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Spring Allergies: Top 5 Natural Remedies for Allergy Suffers

Mar 28th, 2014

spring allergies

Source: F. Delventhal

With the arrival of spring on March 20th, this means many new things with the seasons changing …sunshine (some days), warmth (some days), and…allergies. Symptoms accompanying spring allergies mean sneezing, sinuses, headaches, stuffy noses, runny noses, fevers, and that doesn’t even begin to list everything. If you’re battling allergies this spring, you aren’t alone. According to WebMd.com, two of every ten Americans have allergies.

What’s interesting about allergies is this fact: You’re more prone to developing a new allergy if you already have a history of allergies.

“I am very much against people moving in hopes of finding an allergy-free environment,” Dr. Zab Mosenifar, MD, Director of Pulmonary and Critical Care at Cedars-Sinai Medical Center, told healthcentral.com. “Once you move, your allergies are not going to go away. If you have a propensity for developing allergies, you might buy some time in a new location but you’ll eventually find new allergens.”

On the plus side, you can take action to fight back against the disorder. Listed below are five different natural remedies you can take to help relieve symptoms of spring allergies.

1. Butterbur: Treat Allergies With…Plants? Yes, in fact. This herbal plant normally found in Europe, Asia and North America can be used to treat allergies (specifically allergic rhinitis) instead of curing it with antihistamines. What causes it to work? Inside Butterbur are two working ingredients called petasin and isopetasin. The petasin decreases any spasms in the soft muscle and vascular walls. Working alongside petasin is isopetasin, which helps to decrease swelling. When combined, they work congruently as an anti-inflammatory drug.

A study involving 330 allergic rhinitis positive people were split into three groups (one group taking Butterbur, one group taking Antihistamines, and one group taking a placebo pill) and as it turned out, those receiving care had a decrease in symptoms, thus making both the antihistamines and butterbur effective.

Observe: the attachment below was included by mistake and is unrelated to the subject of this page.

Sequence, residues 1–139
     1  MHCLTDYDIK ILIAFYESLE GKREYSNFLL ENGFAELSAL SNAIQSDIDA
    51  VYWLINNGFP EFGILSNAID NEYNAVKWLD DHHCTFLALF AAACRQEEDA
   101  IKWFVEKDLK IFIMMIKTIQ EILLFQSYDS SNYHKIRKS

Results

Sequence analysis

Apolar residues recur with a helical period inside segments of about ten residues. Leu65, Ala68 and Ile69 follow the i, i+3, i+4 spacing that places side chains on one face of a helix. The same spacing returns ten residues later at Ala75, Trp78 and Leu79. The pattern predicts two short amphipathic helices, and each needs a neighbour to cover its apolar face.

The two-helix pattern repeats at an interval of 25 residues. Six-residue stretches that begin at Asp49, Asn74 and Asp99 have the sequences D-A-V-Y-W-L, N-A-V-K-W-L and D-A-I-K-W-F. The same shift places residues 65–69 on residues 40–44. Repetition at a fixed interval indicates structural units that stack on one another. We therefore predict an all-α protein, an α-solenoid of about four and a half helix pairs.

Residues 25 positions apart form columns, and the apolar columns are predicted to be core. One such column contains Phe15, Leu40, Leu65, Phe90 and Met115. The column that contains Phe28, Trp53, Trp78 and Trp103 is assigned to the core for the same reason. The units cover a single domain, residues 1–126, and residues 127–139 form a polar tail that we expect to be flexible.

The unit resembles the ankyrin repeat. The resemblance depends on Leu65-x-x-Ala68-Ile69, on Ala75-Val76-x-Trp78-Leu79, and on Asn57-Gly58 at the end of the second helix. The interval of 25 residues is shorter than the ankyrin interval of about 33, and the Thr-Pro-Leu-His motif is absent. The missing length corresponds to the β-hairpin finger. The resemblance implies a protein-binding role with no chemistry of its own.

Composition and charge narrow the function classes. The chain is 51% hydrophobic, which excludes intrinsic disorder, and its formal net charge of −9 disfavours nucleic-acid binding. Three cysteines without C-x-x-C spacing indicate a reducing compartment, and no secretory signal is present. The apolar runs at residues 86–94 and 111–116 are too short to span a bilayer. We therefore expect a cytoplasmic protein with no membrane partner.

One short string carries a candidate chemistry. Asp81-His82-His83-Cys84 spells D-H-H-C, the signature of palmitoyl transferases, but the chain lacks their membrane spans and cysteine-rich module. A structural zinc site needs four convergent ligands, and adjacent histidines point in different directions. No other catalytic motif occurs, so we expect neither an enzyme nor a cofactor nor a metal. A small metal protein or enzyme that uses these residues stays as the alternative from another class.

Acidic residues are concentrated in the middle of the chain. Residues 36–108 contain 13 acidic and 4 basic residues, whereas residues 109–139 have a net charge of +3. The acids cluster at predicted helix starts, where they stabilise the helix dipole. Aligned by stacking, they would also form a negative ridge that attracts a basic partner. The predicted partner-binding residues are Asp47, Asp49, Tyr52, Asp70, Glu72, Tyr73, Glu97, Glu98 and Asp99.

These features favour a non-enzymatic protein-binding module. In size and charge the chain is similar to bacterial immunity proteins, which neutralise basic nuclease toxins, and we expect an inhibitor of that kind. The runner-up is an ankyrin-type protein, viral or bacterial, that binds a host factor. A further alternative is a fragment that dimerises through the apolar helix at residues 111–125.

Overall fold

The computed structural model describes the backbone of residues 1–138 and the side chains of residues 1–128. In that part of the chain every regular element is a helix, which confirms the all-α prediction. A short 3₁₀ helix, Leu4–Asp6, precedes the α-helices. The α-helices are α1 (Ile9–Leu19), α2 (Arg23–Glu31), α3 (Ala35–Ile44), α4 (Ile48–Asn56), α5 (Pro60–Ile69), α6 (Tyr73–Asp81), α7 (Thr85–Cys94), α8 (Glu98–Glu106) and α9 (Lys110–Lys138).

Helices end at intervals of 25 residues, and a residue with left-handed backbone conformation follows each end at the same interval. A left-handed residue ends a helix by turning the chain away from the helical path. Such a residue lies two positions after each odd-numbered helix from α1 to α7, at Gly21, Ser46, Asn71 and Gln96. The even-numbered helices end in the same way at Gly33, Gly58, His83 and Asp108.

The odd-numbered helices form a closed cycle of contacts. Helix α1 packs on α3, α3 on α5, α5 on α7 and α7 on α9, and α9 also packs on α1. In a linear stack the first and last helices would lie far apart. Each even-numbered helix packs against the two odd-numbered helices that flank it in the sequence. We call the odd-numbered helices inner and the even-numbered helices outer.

“Three randomized, placebo-controlled studies of the butterbur extract, Ze 339, in peer-reviewed journals should convince anybody of the efficacy and safety of the medication in allergic rhinitis,” said Schapowal, according to NBC Digital Health Network, posted on The Weather Channel website.

When purchasing the Butterbur supplement, according to WebMd.com, you should buy it only if it is labeled UPA-free. WebMd.com also recommends not consuming it raw.

2. Lavender Oil: Spring Cleaning Lavender Oil contains anti-inflammatory properties that help treat respiratory problems possibly occurring when you have spring  allergies. But the benefits do not stop on that note; it also helps boost your immunity. Due to the intense nature of this oil, the phlegm sticking and clinging to the lungs becomes loose once the lavender aura oozes in. The phlegm gives away and leaves quickly, leaving your respiratory system to function again without you suffering. To use, apply to your temples and gently massage.

3. H20: Drink Up Cut out coffee, tea, and alcohol and instead fill up on water. To reduce your allergy symptoms, according to truthaboutwater.com, you should guzzle enough water equal to one- half ounce per pound of your body weight. This amount will keep you hydrated and in turn, help relieve allergy symptoms. They recommend drinking 12-16 ounces of water first thing in the morning. Spring allergies are caused when the neurotransmitter known as histamine, which tells you when you’re thirsty, begins to save up the little water in your dehydrated body for survival purposes, leaving you more susceptible to allergies.

4. Walnuts: Munch And Crunch To Lighten Up Jam packed with ALA Omega-3 fatty acids, walnuts reduce inflammatory regions in your air passage. These polyunsaturated fats can only be found inside foods, meaning it is not made within your body. You can receive ALA not only through walnuts, but also in spinach, tofu, soybeans, canola oil and more. ALA’s also pump up immunity levels throughout your body, which is a plus during allergy season.

5. Bromelain: Pipe UP For Pineapples! This natural enzyme, found in the stem of pineapples, helps to decrease inflammation. To help reduce swelling, health experts recommend taking 80-320 milligrams up to three times a day. It not only has anti-inflammatory qualities, but it also pumps up your immune system as well by stimulating your T-cells. Once it reaches them, it allows them to communicate more efficiently together.

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